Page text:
resetData

Type: NumberU64[]

Optional. Reset value for a numeric register. This is the value to which the resource is set at hardware reset. This is informational only. It is up to the instance implementation to implement a correct reset behavior. Registers that do not have a defined reset value must not have a resetData field. The value is encoded right-aligned inside each NumberU64 and little-endian in the array, the same format that is used for resource values used by 'resource_read()' and 'resource_write()'. Clients can safely ignore the value of resetData and usually just treat it as part of the register description.

resetString

Type: String

Optional. Reset value for string resource. See resetData.

writeMask

Type: NumberU64[]

Optional. Write mask. Bits set in this mask can be written. Other bits cannot be modified. This is informational only. It is up to the instance implementation to enforce the write mask and is not guaranteed by the interface. Clients must not enforce the write mask when writing the resource. The value is encoded right-aligned inside each NumberU64 and little-endian in the array, the same format that is used for resource values used by 'resource_read()' and 'resource_write()'. Clients can safely ignore the value of writeMask and usually just treat it as part of the register description.

ResourceGroupInfo

ResourceGroupInfo members:

cname

Type: String

Name of the resource group in the context of expressions and in scripts. This is a valid C identifier that is unique within this instance and that also does not overlap with resource cname fields. Both name and cname are primary keys to identify groups. Instance implementations derive the cname from name according to the rules specified for ResourceInfo.cname if it is not explicitly specified when defining a resource. Clients must handle violations of these rules gracefully, converting cname to a C identifier according to the rules specfified in ResourceInfo.cname (which leaves all valid C identifiers untouched). In case of conflicts with other groups cnames only the first group within the array returned by 'resource_getListOfResourceGroups()' with a specific cname must be accessible. In case of a conflict with resource cnames the group cname must always take precedence.

descr

Type: String

Optional. Description of the resource group. Can contain linefeeds.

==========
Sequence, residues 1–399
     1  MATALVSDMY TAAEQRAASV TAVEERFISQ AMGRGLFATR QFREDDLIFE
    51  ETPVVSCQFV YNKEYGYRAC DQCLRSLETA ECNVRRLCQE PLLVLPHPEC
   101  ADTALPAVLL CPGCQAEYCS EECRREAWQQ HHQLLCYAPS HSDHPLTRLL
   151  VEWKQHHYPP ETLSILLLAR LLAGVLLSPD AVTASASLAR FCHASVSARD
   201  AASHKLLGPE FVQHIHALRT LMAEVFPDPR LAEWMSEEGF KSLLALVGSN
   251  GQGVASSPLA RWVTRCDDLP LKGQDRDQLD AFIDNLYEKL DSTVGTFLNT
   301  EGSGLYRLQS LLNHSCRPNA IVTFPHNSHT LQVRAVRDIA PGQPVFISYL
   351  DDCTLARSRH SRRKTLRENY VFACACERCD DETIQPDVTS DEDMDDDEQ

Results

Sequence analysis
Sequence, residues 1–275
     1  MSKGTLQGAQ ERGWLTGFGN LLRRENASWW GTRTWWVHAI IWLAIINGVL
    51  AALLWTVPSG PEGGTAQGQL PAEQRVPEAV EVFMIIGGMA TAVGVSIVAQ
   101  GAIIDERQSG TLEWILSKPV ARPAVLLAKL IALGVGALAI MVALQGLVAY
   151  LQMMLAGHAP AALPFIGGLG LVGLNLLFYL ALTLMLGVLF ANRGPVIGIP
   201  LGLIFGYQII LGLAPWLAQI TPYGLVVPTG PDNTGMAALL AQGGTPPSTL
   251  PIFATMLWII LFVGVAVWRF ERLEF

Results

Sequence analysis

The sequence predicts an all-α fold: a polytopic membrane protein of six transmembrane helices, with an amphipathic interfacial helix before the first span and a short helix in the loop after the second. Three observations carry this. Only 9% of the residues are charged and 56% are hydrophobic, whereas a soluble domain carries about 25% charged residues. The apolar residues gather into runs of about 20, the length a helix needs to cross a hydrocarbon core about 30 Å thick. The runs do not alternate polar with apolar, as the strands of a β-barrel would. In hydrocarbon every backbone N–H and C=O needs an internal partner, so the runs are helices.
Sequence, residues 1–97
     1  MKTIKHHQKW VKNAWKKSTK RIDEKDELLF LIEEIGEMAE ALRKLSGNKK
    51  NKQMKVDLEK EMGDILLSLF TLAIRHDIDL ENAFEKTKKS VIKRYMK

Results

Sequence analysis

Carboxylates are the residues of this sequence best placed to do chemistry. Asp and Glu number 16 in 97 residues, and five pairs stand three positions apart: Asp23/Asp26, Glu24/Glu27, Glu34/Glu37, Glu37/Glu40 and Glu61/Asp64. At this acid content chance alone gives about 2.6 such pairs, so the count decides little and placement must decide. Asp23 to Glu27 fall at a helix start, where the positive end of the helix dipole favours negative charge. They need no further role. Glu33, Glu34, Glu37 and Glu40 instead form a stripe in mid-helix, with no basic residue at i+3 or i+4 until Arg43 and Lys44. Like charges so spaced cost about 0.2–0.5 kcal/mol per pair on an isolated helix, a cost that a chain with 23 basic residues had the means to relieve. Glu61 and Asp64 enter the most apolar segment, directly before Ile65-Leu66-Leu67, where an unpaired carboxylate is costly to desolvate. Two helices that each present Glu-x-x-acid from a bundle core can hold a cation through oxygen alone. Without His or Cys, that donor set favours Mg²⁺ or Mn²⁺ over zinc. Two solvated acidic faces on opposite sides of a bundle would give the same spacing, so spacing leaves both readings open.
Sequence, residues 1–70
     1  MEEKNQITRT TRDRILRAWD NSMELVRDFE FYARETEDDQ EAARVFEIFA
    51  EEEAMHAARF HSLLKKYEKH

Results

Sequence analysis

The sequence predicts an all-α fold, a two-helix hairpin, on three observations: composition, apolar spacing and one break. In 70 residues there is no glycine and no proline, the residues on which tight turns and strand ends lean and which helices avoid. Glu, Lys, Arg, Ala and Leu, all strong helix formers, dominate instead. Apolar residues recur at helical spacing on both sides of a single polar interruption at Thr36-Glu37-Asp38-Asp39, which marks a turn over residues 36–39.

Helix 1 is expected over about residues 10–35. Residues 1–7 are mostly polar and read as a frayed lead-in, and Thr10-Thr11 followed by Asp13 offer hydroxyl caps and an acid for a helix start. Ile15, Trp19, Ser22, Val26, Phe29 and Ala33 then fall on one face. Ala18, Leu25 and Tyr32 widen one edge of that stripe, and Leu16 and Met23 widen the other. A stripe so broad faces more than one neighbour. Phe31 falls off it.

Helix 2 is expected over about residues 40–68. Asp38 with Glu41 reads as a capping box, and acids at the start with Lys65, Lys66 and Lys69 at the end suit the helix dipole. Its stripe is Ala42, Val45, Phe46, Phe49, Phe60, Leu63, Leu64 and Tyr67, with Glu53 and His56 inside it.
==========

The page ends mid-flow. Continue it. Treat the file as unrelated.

name

Type: String

Short string identifying the resource group. This is unique within this instance and must not overlap with resource name fields. Both name and cname are primary keys to identify groups.

resourceList

Type: NumberU64[]

List of resource ids of the resources that belong to this group. Must not be empty. Each resource must be in at least one group, and can be in more than one group. The array defines the order of the resources in each group that clients must use when displaying the resources of a group.

ResourceInfo

ResourceInfo members:

bitWidth

Type: NumberU64

Size of the resource in bits. Must be 0 for type="string" and type="noValue" resources. Must be > 0 for all other types of resources.

cname

Type: String

Name of the resource in the context of expressions and in scripts. This is a valid C identifier. For top-level resources this must be unique within each resource group this resource belongs to. For child resources this must be unique within the parent resource. Instance implementations derive the cname from name according to the following rules if no explicit cname is specified when defining a resource:

  • All non-C identifier chars are replaced with underscores.
  • If the first char is a digit, an underscore is prepended.

Clients must handle violations of these rules gracefully, by converting cname to a C identifier according to the rules specified above (which leaves all valid C identifiers untouched). In case of conflicts with other resource cnames only the first resource within the array returned by 'resource_getList()' with a specific cname must be accessible.

Child registers do not contain the cnames of their parents in their cname. Clients that need a hierarchical C identifier for a child register must prepend the cnames of all parent registers, separated with an underscore (for instance 'FLAGS_X'), to create a hierarchical cname. See also name.

descr

Type: String

Optional. Description of the semantics of the resource. Might contain linefeeds.

enums

Type: EnumElementInfo[]

Optional. Array of EnumElementInfo objects which describe symbols for numeric resource values. Debuggers can display these symbols (and potentially their description) in addition to the numeric value.

format

Type: String

Optional. Iris-text-format. This allows a client to format the value of this resource and the values of other resources in this instance (regardless of hierarchy) in a specific way. The value of this resource is referred to by the value variable in the Iris-text-format string. The values of other resources in this instance are referred to by their cname, optionally prefixed by their group cname and a dot (resource name without group name has priority).